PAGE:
Patentee Burden Drives PTAB Obviousness Analysis
In Prolitec, Inc., v. Scentair Technologies, Inc. the Court of Appeals for the Federal Circuit (CAFC) confirmed that patentees bear the burden of demonstrating patentability for amended claims in AIA trial proceedings before the USPTO Patent Trial & Appeal Board (PTAB). Prolitec also found that this burden encompassed both the art of record in the AIA trial proceeding as well as the original patent prosecution history.
Earlier this week, in Illumina Cambridge LTD., v. Intelligent Bio-Systems, Inc., the Court explored the PTAB's analysis of amended claims relative to the burden of the patentee. That is, whether or not the Board is required to do a traditional obvious analysis for amended claims, anew, or whether the existing record can be used as a backdrop by which the movant's burden can be assessed.
The patents at issue in the appeal are 7,057,026 and 8,158,346, both relating to DNA sequencing by synthesis (“SBS”) with non-natural nucleotides. SBS allows one to determine the composition of a target DNA sequence by synthesizing new copies of the DNA. In amending its claims, Illumina added the limitation that the cleavable linker “contains a disulfide linkage.” The Board denied the amended claims as unpatentable.
On appeal, Illumina argued that the Board, focused on the added limitation to the exclusion of the rest of the claim. Illumina reasoned that because the prior art teaches both that SBS requires greater than 90% deblocking efficiency, and that cleaving disulfide linkages was variable and inefficient, one of skill in the art would not have been motivated to combine the prior art for SBS methods. In the view of Illumina, the presence of a disulfide linkage in the art was not enough absent the view of the combination.
For its part, Intelligent Bio-Systems ("Bio") responded [to Illumina’s argument that “the Board improperly limited its analysis to the disulfide linkage limitation, rather than also considering the combination of the additional limitations] that Illumina failed to carry its burden of showing that the proposed substitute claims were patentable over the prior art of record. Bio also argued that because the Board had already decided in it Decisions to Institute that the prior art taught all of the limitations in the original claims, the only additional limitation in the proposed claims was the disulfide linker, and thus the Board only needed to address the prior art relating to the successful use of disulfide linker in DNA sequencing.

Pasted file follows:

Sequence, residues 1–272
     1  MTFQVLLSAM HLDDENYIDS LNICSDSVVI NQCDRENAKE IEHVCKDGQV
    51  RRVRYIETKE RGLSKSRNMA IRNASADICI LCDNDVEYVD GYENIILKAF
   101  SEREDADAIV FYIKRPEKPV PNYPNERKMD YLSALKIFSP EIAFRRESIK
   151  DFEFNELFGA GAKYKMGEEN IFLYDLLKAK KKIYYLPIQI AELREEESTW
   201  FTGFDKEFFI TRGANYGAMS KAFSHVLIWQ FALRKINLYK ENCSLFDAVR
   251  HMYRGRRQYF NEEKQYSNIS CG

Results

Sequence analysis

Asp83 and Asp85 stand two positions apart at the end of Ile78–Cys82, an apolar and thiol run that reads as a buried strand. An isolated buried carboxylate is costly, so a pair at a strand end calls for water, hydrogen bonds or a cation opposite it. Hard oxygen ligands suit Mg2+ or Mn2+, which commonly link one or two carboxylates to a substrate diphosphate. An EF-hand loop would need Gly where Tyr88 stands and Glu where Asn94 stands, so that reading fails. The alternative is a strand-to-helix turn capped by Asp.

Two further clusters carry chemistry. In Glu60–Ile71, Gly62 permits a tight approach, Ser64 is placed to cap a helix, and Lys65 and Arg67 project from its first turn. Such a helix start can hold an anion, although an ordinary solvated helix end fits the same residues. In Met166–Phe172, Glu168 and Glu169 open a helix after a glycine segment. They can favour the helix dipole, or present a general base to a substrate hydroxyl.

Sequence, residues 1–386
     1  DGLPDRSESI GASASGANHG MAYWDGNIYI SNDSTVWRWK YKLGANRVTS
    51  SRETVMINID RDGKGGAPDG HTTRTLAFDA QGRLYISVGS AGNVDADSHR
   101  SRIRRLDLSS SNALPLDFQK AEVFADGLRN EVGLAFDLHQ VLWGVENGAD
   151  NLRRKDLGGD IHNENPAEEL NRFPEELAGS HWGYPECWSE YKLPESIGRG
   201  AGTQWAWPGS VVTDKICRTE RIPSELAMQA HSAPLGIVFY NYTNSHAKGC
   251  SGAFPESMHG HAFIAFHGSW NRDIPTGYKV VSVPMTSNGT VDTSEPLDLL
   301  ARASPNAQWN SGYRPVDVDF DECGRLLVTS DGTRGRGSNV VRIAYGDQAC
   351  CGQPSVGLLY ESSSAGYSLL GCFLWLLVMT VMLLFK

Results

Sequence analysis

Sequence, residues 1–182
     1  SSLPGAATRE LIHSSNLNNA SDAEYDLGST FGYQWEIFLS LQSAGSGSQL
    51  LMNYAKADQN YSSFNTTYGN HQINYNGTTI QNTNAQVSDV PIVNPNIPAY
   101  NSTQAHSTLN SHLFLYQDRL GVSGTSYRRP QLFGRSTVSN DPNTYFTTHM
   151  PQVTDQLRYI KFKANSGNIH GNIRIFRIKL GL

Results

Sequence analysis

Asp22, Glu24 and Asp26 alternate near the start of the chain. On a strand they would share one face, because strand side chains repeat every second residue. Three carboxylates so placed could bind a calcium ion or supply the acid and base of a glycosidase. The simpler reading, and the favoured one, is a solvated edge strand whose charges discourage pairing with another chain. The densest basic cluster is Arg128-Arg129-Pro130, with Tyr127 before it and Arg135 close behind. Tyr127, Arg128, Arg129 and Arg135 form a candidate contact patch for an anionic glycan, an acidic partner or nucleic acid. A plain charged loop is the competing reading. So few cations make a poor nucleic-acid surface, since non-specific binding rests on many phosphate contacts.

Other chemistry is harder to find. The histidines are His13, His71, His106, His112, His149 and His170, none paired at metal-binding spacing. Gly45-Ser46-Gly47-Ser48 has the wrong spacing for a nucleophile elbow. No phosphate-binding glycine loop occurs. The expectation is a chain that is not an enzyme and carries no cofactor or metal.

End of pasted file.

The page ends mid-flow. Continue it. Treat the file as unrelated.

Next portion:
(Of course, a Decision to Institute is preliminary. Yet, amendment is only denied at the time of Final Written Decision (FWD). Here, the Board seemingly had not strayed from its original determination.)
In affirming the Board, the Court explained (here):
Because none of the original claims comprised the limitation of the linker containing a disulfide linkage, the Board chose to primarily address prior art relevant to that limitation to determine whether Illumina had proven that the addition rendered the claims as a whole nonobvious.
The Board did not analyze the obviousness of using a disulfide linkage in SBS in isolation, however; the original claims provided a backdrop for the Board to find that one of skill in the art would have reasonably expected to succeed in using a linker with a disulfide linkage as claimed. The prior art taught the use of linkers containing disulfide linkages for attaching a label to a nucleotide, as well as the desirability of simultaneously removing labels and protecting groups, in DNA sequencing methods. One of skill in the art would have been motivated to use a commercially available linker to attach a label to a nucleotide that also could be removed when removing the protecting group, and thus would have been motivated to modify SBS prior art with a disulfide linkage as claimed. The heightened standard that Illumina decries is instead properly Illumina’s burden to show nonobviousness, proof that one of skill in the art would not have a reasonable expectation of success in using a disulfide linkage.
Stated another way, it was not the Board's burden to demonstrate obviousness in a traditional sense (by assessing the claim as a whole). Rather, the Board may simply fault the patentee's showing, focusing on the newly added language as compared to the existing record, which was reaffirmed by the Board at the time of the FWD.